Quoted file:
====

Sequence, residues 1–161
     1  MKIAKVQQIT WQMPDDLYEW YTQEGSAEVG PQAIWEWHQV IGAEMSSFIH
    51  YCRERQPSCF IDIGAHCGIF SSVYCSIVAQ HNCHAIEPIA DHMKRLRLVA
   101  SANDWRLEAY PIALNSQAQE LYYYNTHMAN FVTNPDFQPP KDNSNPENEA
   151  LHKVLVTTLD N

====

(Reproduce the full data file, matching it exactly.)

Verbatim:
Sequence, residues 1–161
     1  MKIAKVQQIT WQMPDDLYEW YTQEGSAEVG PQAIWEWHQV IGAEMSSFIH
    51  YCRERQPSCF IDIGAHCGIF SSVYCSIVAQ HNCHAIEPIA DHMKRLRLVA
   101  SANDWRLEAY PIALNSQAQE LYYYNTHMAN FVTNPDFQPP KDNSNPENEA
   151  LHKVLVTTLD N